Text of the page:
Cатсн²² (in)sесuяitу / ChrisJohnRiley

Because we're damned if we do, and we're damned if we don't!

CVE-2013-5113/5114 – LastPass Android container PIN and auto-wipe security feature bypass

LastPass Android container PIN and auto-wipe security feature bypass

Product: LastPass (Android)
Project Homepage: lastpass.com
Internal Advisory ID: c22-2013-02
Vulnerable Version(s): Android version 2.0.4 (and prior)
Tested Version: Android 2.0.4 (Android 4.2/4.3)
Vendor Notification: Aug 13, 2013
Public Disclosure: November 13, 2013
Vulnerability Type: Authentication Bypass Issues [CWE-592]
CVE Reference: CVE-2013-5113, CVE-2013-5114
Issue Severity: Important impact
CVSSv2 Base Score: 6.6 (AV:L/AC:L/AU:N/C:C/I:C/A:N)
Discovery: Chris John Riley ( http://blog.c22.cc )

Advisory Details:

Effected versions of LastPass on the Android platform allow
for users with limited access via the ADB (Android Debug Bridge)
interface of an Android device (USB debugging enabled, no root access
required) to perform backup and restore of applications and application
data. The ADB backup functionality requires an Android device running
the Ice-Cream Sandwich version of Android (4.x) or above.
LastPass on Android allows the user to store the lastpass.com username
and password within the Android container, and set a PIN to prevent
unauthorized access in the event the device is lost or stolen. This
PIN protection also sets an auto-wipe feature that will delete
application data after 10 false logons.
Due to the way recent versions of Android implements the backup and
restore process, both the implemented PIN protection and the enforced
auto-wipe can be avoided and entirely bypassed to allow attackers the
ability to clear or recover the PIN from application settings data
stored in LPandroid.xml.
Using a simple process, it is possible for an attacker with physical
access to a device to backup the LastPass Android container and remove
any PIN protections present on the application. It is also possible to
restore the LastPass Android container to a secondary device and
maintain live access to changes made by the user either via the
lastpass.com web interface or the original device’s LastPass Android
application. This exposes not only cached username and password data
stored within the LastPass Android container acquired by an attacker, but
also any changes made after the fact.

Attackers can extract and possibly maintain access to a user?s LastPass
data from a lost or stolen device. This effectively allows an attacker
the ability to use the recovered credentials from LastPass to perform
account takeover using the LastPass data.

1) Gain physical access to an Android device containing the LastPass
2) Enable USB debugging (if not already enabled)
3) Perform backup of the LastPass application using ADB
(adb backup com.lastpass.lpandroid)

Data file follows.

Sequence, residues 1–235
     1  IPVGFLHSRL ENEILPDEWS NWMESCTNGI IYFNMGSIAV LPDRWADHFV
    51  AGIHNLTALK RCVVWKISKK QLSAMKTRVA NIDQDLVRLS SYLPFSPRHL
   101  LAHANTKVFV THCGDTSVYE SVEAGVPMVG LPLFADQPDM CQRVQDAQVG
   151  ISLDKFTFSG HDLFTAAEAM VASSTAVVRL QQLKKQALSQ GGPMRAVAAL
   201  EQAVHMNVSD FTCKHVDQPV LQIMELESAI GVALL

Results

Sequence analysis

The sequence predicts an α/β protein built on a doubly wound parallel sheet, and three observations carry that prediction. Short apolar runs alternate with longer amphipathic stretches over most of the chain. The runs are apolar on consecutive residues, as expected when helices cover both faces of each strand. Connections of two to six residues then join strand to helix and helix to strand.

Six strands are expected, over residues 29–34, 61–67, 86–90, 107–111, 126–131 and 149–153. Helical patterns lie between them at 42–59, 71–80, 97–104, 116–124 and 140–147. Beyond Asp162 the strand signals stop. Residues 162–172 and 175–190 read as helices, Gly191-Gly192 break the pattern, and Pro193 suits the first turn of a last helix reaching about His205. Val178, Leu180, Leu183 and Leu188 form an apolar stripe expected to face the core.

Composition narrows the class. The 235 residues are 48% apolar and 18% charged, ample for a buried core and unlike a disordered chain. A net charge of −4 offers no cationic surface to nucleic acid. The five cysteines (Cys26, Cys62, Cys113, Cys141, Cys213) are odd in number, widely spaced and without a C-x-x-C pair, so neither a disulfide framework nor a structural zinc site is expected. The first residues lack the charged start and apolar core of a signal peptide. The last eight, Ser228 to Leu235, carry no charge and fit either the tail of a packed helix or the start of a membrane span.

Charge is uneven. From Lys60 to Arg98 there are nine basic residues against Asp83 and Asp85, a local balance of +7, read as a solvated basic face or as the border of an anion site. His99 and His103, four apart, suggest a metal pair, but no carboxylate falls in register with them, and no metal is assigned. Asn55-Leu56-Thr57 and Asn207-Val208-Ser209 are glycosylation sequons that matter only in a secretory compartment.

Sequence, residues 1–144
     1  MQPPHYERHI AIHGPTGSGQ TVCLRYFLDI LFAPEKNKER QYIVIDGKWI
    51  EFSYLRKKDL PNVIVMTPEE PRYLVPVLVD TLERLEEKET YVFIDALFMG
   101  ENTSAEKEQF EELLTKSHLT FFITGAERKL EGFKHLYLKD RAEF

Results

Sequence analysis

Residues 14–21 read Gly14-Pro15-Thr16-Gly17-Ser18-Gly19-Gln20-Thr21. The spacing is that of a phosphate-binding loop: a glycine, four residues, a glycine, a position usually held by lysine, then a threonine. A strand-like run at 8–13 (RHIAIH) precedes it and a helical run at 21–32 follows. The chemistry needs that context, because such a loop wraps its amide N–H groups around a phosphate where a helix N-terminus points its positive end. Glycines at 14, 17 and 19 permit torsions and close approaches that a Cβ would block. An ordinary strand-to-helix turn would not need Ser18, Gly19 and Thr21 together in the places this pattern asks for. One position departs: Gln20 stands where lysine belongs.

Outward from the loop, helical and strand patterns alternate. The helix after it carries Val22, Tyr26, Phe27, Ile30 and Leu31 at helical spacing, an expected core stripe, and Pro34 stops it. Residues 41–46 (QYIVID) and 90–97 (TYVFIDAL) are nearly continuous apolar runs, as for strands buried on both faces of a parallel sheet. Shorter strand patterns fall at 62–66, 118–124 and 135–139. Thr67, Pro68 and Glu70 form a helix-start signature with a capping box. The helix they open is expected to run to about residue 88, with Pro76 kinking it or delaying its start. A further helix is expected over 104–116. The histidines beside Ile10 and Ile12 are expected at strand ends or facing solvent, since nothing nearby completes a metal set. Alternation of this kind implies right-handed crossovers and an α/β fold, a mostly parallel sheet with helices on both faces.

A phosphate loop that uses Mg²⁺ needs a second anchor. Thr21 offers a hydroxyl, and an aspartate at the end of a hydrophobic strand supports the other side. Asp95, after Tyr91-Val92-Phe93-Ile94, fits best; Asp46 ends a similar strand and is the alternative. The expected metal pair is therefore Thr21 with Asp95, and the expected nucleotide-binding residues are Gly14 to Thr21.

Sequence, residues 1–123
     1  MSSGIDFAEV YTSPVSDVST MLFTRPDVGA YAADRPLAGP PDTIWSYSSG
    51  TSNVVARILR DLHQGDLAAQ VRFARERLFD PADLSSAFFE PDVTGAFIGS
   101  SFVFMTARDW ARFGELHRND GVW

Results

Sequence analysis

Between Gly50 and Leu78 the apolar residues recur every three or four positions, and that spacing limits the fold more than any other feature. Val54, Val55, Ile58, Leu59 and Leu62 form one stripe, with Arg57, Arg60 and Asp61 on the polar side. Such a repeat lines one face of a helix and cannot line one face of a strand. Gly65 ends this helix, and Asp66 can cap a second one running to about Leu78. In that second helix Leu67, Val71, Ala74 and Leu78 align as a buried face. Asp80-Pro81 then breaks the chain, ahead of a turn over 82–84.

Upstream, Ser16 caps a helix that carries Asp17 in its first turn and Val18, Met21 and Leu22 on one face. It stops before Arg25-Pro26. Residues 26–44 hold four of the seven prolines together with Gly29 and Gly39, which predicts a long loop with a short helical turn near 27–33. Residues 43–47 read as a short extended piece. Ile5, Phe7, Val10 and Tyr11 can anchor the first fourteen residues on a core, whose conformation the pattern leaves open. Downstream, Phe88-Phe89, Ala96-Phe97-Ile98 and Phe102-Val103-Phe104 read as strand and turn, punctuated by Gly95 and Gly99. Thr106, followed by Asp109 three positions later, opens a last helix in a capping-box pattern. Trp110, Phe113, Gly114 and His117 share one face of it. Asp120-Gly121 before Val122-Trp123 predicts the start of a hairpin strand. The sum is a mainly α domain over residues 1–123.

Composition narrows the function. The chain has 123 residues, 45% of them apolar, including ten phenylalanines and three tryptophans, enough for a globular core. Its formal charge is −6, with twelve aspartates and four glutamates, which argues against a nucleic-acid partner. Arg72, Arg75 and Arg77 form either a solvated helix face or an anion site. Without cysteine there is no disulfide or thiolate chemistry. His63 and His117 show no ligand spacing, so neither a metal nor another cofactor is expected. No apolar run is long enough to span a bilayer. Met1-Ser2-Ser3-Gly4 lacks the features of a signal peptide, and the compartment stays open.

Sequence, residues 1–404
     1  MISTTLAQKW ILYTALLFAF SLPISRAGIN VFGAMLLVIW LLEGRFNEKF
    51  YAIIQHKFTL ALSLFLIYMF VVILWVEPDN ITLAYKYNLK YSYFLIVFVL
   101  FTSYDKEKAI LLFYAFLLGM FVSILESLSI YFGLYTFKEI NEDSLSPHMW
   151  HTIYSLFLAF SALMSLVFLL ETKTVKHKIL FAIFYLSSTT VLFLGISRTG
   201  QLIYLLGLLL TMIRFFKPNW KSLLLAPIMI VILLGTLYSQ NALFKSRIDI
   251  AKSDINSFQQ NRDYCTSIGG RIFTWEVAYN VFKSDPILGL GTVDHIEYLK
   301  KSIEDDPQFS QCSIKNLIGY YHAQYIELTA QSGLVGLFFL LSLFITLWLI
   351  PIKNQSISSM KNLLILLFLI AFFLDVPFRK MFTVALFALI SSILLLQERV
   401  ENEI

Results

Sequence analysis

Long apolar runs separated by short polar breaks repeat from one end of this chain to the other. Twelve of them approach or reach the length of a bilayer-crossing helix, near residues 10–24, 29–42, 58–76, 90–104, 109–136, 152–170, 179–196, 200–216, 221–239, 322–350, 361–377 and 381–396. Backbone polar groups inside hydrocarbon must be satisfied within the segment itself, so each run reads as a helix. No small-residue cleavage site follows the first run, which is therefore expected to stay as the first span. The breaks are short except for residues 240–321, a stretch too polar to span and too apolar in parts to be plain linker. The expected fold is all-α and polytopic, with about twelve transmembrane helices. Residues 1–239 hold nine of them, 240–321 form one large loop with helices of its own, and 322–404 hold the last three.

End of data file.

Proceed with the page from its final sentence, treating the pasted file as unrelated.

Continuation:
4) Extract the resulting Android Backup file (using for example the
ab_unpacker.py tool available here –>
5) Edit the extracted LPandroid.xml file to remove the following values
6) Repack the directory structure (using for example the
ab_upacker.py tool available here –>
7) Restore to either the original device or a secondary attacker
controlled Android device using ADB (adb restore edited_backup.ab)

LastPass have released a new version to the Google Play store that
corrects these issue by disabling the ability to perform an ADB backup
of the LastPass container. It has been confirmed that the version
2.5.1 is no longer directly susceptible to this attack method.

At this time LastPass have not provided an advisory discussing the issue

Vulnerability Timeline:

May, 2013 – Initial discovery of vulnerability
Aug 13, 2013 – LastPass contacted with request for secure communications
Aug 13, 2013 – Response from LastPass setting up secure communications
Aug 13, 2013 – Details reported to LastPass
Aug 13, 2013 – Clarification of issue
Aug 13, 2013 – Response from LastPass that allowBackup:false is now set
in all new releases (change already implemented in testing prior to
the report being received)
Aug 16, 2013 – CVE numbers sent to LastPass
Aug 28, 2013 – Name added to LastPass acknowledgements page
Sept 05, 2013 – Response that issues resolved to LastPass’s satisfaction
Sept 05, 2013 – Re-Tested and advised of new bypass
Sept 05, 2013 – Blog post released demonstrating process
Sept 06, 2013 – Acceptance of risk associated with new Bypass (low risk)
Nov 13, 2013 – Advisory released (delayed)

Leave a Reply

Fill in your details below or click an icon to log in:

WordPress.com Logo

You are commenting using your WordPress.com account. Log Out /  Change )

Facebook photo

You are commenting using your Facebook account. Log Out /  Change )

Connecting to %s

%d bloggers like this: